Walter E. Williams

What about the concentration of wealth? In 1918, John D. Rockefeller's fortune accounted for more than half of one percent of total private wealth. To compile the same half of one percent of the private wealth in the United States today, you'd have to combine the fortunes of Microsoft's Bill Gates ($53 billion) and Paul Allen ($16 billion), Oracle's Larry Ellison ($19 billion), and a third of Berkshire Hathaway's Warren Buffett's $46 billion. In 1920, America's richest one percent held about 40 percent of private wealth; by 1980, the private wealth held by the richest one percent fell to about 20 percent and has remained stable at that level since.

Demagogues duping Americans about stagnant and declining income give politicians justification to raise taxes and place regulatory obstacles in the path of risk-taking, productivity and hard work that will impede the enviable income mobility that has become a part of American tradition. Raising taxes on capital formation reduces the rate of capital formation. Raising taxes on income reduces incentives to work. Unfortunately, because so many Americans buy into the politics of envy, politicians have a leg up in enacting measures that cripple economic growth.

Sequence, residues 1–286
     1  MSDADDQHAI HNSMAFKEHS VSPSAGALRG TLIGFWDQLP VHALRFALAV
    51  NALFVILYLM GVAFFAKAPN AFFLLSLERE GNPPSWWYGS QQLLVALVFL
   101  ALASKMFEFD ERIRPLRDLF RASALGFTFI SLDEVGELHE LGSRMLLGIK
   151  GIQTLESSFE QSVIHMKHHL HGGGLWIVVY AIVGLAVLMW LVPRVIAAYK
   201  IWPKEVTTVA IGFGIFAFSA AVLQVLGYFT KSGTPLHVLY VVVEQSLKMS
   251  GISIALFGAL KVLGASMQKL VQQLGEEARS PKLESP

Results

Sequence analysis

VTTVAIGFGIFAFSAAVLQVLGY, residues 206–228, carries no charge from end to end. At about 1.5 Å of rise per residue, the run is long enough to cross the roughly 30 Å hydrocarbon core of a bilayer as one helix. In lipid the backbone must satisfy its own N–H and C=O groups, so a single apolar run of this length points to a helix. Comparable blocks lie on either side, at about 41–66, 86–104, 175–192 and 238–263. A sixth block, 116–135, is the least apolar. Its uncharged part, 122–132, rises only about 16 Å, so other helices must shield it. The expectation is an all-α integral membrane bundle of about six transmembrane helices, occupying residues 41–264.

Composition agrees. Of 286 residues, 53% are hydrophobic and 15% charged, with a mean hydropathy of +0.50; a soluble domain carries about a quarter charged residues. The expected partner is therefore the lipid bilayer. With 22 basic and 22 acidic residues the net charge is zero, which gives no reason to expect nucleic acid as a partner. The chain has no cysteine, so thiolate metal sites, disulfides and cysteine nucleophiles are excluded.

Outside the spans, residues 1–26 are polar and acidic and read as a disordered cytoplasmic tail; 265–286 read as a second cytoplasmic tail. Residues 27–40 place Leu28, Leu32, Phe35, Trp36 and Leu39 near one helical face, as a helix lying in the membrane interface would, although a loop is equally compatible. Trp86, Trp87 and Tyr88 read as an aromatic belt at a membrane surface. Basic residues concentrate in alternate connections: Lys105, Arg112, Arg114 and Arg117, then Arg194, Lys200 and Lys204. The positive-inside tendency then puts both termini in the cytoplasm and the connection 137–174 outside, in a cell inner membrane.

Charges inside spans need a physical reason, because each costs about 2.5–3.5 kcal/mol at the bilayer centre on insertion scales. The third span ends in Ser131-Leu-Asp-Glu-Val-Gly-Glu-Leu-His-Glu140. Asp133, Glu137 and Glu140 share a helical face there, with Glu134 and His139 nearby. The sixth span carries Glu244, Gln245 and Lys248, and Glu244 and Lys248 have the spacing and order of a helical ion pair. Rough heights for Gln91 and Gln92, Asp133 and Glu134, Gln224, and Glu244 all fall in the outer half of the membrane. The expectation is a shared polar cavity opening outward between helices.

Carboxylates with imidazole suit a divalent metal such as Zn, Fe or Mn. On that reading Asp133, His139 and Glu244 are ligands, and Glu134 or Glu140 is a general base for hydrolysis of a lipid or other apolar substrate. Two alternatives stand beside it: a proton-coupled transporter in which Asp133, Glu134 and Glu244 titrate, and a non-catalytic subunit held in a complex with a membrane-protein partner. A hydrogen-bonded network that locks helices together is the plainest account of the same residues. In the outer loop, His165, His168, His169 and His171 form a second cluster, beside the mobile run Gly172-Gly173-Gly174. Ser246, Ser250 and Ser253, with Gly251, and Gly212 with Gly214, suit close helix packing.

Walter E. Williams

Dr. Williams serves on the faculty of George Mason University as John M. Olin Distinguished Professor of Economics and is the author of 'Race and Economics: How Much Can Be Blamed on Discrimination?' and 'Up from the Projects: An Autobiography.'
 
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